REVIEW: Judah & The Lion’s ‘Folk Hop N’ Roll’ proves ‘disjointed’ mix of styles, ideas
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REVIEW: Judah & The Lion’s ‘Folk Hop N’ Roll’ proves ‘disjointed’ mix of styles, ideas

Genre-bending is probably the easiest way to describe Belmont alum Judah & the Lion’s second album, “Folk Hop ‘N Roll.”

At times, however, it can be a bit more difficult to describe.

“It’s a rule-breaking record, with Judah & the Lion creating a sound that belongs entirely to them,” states the band’s website.

Well, yes and no.

“Folk Hop ‘N Roll” feels like Judah & the Lion had 50 different ideas they wanted to use and instead of honing in on just a few of them, they threw all of them into the mix of 10 songs.

It simply feels disjointed.

Let’s start from the beginning. The first song on the album, “Graffiti Dreams,” reminded me heavily of Manchester Orchestra’s latest album. Lead singer Judah Akers’ voice echoes vibrantly throughout the entire song, just like Andy Hull’s of Manchester.

The the banjo kicks in and you remember this is a folk band you are listening to, not an alternative punk band. It’s not a bad thing, there are just a few different vibes going on throughout the song. Folk, alternative rock and electronica combine for an odd mix.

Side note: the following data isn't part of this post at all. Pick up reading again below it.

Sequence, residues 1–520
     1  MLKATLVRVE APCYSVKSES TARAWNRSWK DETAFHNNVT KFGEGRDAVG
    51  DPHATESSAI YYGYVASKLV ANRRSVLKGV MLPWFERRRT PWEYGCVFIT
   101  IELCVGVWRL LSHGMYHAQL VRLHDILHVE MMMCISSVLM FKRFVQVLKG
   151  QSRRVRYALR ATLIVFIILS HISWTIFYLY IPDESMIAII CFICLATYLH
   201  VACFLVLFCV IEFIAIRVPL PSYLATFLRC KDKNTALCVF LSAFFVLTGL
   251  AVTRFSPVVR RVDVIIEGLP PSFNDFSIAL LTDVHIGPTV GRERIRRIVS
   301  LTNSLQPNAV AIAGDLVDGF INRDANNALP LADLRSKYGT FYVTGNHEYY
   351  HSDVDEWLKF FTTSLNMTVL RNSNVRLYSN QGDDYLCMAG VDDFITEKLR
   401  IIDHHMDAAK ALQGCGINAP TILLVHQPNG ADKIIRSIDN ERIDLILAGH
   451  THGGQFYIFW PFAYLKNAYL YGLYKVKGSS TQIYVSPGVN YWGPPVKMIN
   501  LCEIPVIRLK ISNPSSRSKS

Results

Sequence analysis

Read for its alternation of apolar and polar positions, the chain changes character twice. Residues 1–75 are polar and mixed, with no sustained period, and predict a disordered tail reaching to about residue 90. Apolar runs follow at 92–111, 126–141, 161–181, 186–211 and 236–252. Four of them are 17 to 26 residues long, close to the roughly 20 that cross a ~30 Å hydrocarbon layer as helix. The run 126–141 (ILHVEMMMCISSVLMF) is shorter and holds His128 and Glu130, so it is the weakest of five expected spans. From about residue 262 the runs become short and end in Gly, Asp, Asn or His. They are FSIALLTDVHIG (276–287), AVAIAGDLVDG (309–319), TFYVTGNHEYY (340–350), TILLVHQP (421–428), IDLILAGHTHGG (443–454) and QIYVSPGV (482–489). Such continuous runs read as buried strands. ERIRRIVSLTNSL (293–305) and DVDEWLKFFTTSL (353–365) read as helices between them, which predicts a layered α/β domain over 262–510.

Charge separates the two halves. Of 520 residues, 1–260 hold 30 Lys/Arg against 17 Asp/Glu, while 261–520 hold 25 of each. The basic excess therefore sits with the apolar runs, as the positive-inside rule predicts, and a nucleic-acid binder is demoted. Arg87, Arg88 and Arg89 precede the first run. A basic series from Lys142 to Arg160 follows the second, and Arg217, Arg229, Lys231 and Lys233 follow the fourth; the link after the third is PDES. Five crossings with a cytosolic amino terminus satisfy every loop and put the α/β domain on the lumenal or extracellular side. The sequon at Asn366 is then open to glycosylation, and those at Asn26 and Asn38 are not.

And that’s something that comes up time and time again through the entire album.
“Folk-Hop Sound” further proves that point. The beginning of the song is something you would hear on a Top-40 station. More echoes and electronic beats are still confusing, especially once the banjo comes in the background.

Then, out of seemingly nowhere, hip-hop comes into play.

It’s not that the hip-hop portions of the album are bad– they are relatively decent– but they just feel out of place. They come in the middle of a song after the banjo or weird electronic bits.

The song after, “All I Want Is You” is predominantly banjo and has a completely different vibe than the previous songs on the album. It is slow and just doesn’t fit, especially where it sits on the album.

Unfortunately, the changes don’t stop there.

“Reputation” makes you feel like you are listening to a Beastie Boys song.

Thirty years ago it may have worked. Now, not so much.

The rest of the album includes more odd electronica mixed with banjos and a random sound effect here and there.

Now, don’t get me wrong, I believe Judah & the Lion has the potential to be an enormously popular band. They have many good things nailed down; Catchy melodies and some well written lyrics prove Judah & the Lion know what they are doing.

I just don’t think this is the album to get them that fame.

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